Dominican Ethnic Identities, National Borders, and Literature  

Lorgia García Peña

The formation of Dominican identity has been linked to the historical nexus that placed Dominicans in relationship to Haiti, Spain, and the United States. The foundational literature of the 19th century sought to shape national identity as emerging from racial hybridity through notions of mestizaje that obscured Dominican African roots. In the early to mid-20th century, at the hands of the Trujillo intelligentsia, these myths shaped legal, educational, and military structures, leading to violence and disenfranchisement. Since the death of Trujillo in 1961, Dominican writers, artists, and scholars have been articulating other ways of being Dominican that include Afro-Dominican episteme and accounts for the experiences of colonialisms, bordering, and diasporic movements. These articulations of dominicanidad have led to a vibrant, exciting, and incredibly diverse literary production at home and abroad.

Article

Heteronormativity and Homonormativity in Queer Chicana/o Cultural Discourse and Politics  

René Esparza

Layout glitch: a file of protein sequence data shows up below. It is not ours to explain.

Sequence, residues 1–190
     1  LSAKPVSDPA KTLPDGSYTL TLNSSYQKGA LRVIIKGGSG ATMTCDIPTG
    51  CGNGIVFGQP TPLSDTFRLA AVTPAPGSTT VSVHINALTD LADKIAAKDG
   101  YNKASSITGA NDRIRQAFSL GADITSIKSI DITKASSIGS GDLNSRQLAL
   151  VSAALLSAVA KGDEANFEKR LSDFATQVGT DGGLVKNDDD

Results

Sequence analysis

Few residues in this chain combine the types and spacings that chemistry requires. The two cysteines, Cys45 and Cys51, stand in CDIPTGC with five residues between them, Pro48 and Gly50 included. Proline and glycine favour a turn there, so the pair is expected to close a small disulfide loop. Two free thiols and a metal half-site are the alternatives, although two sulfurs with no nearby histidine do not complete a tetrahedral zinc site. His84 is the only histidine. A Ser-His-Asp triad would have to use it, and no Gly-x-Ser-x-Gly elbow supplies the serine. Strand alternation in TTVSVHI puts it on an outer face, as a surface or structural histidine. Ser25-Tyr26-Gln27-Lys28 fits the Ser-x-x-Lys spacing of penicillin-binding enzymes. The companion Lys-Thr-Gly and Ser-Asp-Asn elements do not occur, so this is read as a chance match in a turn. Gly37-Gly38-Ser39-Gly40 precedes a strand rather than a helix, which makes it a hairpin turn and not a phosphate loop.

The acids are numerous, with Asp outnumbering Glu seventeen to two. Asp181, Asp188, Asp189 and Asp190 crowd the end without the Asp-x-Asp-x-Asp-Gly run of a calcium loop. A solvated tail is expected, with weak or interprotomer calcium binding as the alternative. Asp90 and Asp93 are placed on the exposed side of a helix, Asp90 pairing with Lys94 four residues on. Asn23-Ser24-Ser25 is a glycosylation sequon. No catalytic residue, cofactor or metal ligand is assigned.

Heteronormativity is the dominant belief in Western and Westernized societies prescribing heterosexual sex and romance as “natural.” Its more recent same-sex equivalent, homonormativity, expands upon heteronormativity by championing domestic consumerism, middle-class respectability, and reproductive futurism as practices and values for same-sex households to observe in their quest for political inclusion. Together, heteronormativity and homonormativity figure largely in the rights-based claims of marginalized communities on the nation-state for citizenship. Such an assimilationist ethos proves popular in the political arena because gender and sexuality remain central to the racialization of marginalized communities as “other.” To undo stereotypes that cast marginalized communities as unassimilable and, thus, unfit for the privileges of democracy, those same communities proceed to invalidate dominant scripts casting their gender and sexuality as dangerous, deviant, and diseased. The mainstream US immigrant rights movement, for instance, has capitalized on the ideology of the nuclear family to make compelling claims for immigration reform centered around family reunification. This approach depicts idealized immigrant families (read: worthy) through sanitized images of strict hardworking fathers, self-sacrificing mothers, and productive sons and daughters. However, such liberal approaches to rights and citizenship risk shoring up the very same technologies of normative power that pathologize gender non-normativity and sexual deviance. First, the ideology of the nuclear family—in both its heterosexual and homosexual guises—neglects the abundance of familial experiences that do not adhere to hard and fast notions of traditional gender roles. Second, when heteronormativity and homonormativity shape the organizing logics of rights-based mobilizations, a danger coalesces in reinforcing the partition between “deserving” and “underserving” subjects. Third, the ideology of the nuclear family conceals the involvement of the nation-state in establishing those conditions of precarity it is then petitioned to rectify. In spite of the legibility that heteronormativity and homonormativity ascribe onto marginalized communities, some social justice movements have divested from the nuclear family model. By jettisoning gender and sexual normativity as prerequisites for personhood, these grassroots efforts, including the UndocuQueer movement, have made intelligible a once unfathomable position: “deviant,”—that is, non-normative—but valuable, nonetheless. In short, heteronormative and homonormative rubrics of social value may prove beneficial in extending rights and citizenship to some, but these rubrics cannot sustenance broad structural change.